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2001 BMW 3-Series

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BMW has been selling 3-Series wagons through the previous two generations of 3s. It’s about time North America got it too. And when Europe gets an M3 Sport Wagon (as they did in the last generation) we’d better get one too, or we’ll kick someone’s ass. This time we mean it!

The Convertible

It’s impossible to find a current 3-Series convertible on the roads of Southern California whose driver isn’t yakking on their cell-phone while driving. That this car is so popular among Generation Distraction is somewhat dispiriting, because one gets the feeling they never appreciate what they’re driving.

The new convertible 323i is thoroughly better than the outgoing one, but somehow BMW has managed to actually lower the base price to $35,560, which isn’t likely to attract a lot of buyers on fixed incomes and food stamps, but makes it an even tougher competitor against cars like the Volvo C70, Mercedes CLK and Saab 9-3 convertibles. Still, once the options are ladled on, few — if any — of the new convertibles will leave dealerships wearing price tags under $40K.

It’s rather subjective, but the new 323i convertible looks even better than the outgoing model which itself was prettier than any car has a right to be. The most apparent improvement over the old convertible top is the adoption of a heated glass rear window in place of the old car’s plastic embarrassment. Otherwise the top is a paragon of convertible virtue; easy to use, triple insulated and well-sealed. Adding the $1400 "premium" package also adds one-button convenience to the top’s operation.

Like the sport wagon, the front brakes on the convertible are upped to 11.8-inch diameter to deal with the convert’s extra 347 pounds of weight over the coupe, the suspension has been tweaked a bit, and a 3.46:1 rear-axle ratio has been adopted to help move the bulk off the line. But otherwise, the convertible remains very much a 323i Coupe. However the extra weight is felt more profoundly in the convertible than the wagon; climbing hills especially, the convertible feels more strained than other 323s.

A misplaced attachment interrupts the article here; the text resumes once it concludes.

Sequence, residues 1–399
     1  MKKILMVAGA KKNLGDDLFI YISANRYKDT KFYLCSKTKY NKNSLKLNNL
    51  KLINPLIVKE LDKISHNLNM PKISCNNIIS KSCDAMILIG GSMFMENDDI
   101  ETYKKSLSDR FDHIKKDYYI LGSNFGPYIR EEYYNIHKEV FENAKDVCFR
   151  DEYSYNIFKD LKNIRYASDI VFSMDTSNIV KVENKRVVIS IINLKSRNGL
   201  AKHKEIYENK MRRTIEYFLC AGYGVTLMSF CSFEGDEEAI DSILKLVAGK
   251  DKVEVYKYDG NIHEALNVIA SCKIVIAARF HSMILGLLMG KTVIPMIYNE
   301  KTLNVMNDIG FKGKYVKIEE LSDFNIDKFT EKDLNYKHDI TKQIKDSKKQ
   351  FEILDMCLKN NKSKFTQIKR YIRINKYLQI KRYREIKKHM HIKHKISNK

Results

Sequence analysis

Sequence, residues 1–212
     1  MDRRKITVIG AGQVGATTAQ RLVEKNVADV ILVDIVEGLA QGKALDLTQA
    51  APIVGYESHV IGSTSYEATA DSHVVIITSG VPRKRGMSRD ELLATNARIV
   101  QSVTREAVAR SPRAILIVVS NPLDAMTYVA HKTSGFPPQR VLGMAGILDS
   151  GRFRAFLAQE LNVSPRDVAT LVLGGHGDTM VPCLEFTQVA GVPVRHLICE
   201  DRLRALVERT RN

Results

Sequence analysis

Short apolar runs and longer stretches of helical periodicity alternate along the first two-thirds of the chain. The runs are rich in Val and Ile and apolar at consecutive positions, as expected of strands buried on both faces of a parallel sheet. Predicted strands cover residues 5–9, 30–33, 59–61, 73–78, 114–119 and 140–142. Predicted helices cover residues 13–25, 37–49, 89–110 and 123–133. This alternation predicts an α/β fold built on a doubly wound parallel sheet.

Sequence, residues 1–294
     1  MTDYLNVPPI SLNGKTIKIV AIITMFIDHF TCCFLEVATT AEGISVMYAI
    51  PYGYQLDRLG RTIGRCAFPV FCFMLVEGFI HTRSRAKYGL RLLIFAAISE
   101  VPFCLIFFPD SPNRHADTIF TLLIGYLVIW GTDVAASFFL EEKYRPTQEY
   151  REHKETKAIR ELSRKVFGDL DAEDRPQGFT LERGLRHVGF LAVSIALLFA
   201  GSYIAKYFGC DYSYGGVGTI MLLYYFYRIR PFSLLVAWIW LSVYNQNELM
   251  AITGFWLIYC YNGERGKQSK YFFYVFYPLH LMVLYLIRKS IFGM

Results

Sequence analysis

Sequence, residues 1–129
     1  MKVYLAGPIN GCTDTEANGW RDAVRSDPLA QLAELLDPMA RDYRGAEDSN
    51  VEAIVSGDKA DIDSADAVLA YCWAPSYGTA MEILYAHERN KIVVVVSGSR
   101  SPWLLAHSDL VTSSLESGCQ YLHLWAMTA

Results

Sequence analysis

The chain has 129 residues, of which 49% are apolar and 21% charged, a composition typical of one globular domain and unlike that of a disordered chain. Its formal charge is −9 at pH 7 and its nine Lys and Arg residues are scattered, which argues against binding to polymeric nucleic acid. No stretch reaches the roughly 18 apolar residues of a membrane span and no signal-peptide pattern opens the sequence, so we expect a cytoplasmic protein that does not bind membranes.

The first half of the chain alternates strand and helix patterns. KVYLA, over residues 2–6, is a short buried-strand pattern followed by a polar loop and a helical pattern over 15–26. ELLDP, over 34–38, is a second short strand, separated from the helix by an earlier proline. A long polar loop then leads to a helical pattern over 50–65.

The interior is also pure 3 Coupe with the notable addition of Lear-built belt-in-seat front thrones. The new belts are easier to access than the old ones, more comfortable than before and easier to move aside when accessing the rear seats. In other words, better in every way.

2000 BMW 323i   Sport Wagon Convertible

Base Price: $29,770 $35,560
Engine: 2.5-liter in-line six, 170 hp
Transmission: five-speed manual, five-speed automatic
Wheelbase: 107.3 in 107.3 in
Length: 176.7 in 176.3 in
Width: 68.5 in 69.2 in
Height: 55.5 in 54.0 in
Weight: 3351 lb 3560 lb
Fuel economy (city/ hwy) 20/29 (manual) 19/25 (manual)   19/27 (auto) 17/24 (auto)

Major standard equipment:
Anti-lock brakes
Dual front airbags
Side impact head protection system
Ten-speaker audio system
Pop-up rollover head protection system (convertible)

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April 20, 2015
For 2001 BMW 3-Series

It has been a plasure

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We blended from day one, this car has been a real work horse - absolute joy over 300k km and still ready to go further
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April 17, 2015
For 2001 BMW 3-Series

Best and most fun car I have ever owned.

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Leased it new after lease I loved so much I bought it and started Dinan mods. Still love it.